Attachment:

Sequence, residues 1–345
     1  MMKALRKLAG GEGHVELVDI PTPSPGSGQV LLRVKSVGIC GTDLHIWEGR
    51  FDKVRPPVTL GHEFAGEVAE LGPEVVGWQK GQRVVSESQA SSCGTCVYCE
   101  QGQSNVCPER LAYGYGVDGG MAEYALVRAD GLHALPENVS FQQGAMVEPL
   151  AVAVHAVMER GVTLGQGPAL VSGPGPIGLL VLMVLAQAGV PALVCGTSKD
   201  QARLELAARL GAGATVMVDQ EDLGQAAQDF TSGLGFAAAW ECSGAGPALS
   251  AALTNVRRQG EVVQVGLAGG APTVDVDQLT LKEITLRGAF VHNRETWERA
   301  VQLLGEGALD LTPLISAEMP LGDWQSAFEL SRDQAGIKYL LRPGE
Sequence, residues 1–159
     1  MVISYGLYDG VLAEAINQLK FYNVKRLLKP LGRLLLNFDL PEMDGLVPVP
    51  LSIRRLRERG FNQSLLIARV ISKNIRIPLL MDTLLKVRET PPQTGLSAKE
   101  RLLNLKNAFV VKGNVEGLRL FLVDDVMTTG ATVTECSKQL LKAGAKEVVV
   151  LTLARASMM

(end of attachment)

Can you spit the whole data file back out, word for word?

Sequence, residues 1–345
     1  MMKALRKLAG GEGHVELVDI PTPSPGSGQV LLRVKSVGIC GTDLHIWEGR
    51  FDKVRPPVTL GHEFAGEVAE LGPEVVGWQK GQRVVSESQA SSCGTCVYCE
   101  QGQSNVCPER LAYGYGVDGG MAEYALVRAD GLHALPENVS FQQGAMVEPL
   151  AVAVHAVMER GVTLGQGPAL VSGPGPIGLL VLMVLAQAGV PALVCGTSKD
   201  QARLELAARL GAGATVMVDQ EDLGQAAQDF TSGLGFAAAW ECSGAGPALS
   251  AALTNVRRQG EVVQVGLAGG APTVDVDQLT LKEITLRGAF VHNRETWERA
   301  VQLLGEGALD LTPLISAEMP LGDWQSAFEL SRDQAGIKYL LRPGE
Sequence, residues 1–159
     1  MVISYGLYDG VLAEAINQLK FYNVKRLLKP LGRLLLNFDL PEMDGLVPVP
    51  LSIRRLRERG FNQSLLIARV ISKNIRIPLL MDTLLKVRET PPQTGLSAKE
   101  RLLNLKNAFV VKGNVEGLRL FLVDDVMTTG ATVTECSKQL LKAGAKEVVV
   151  LTLARASMM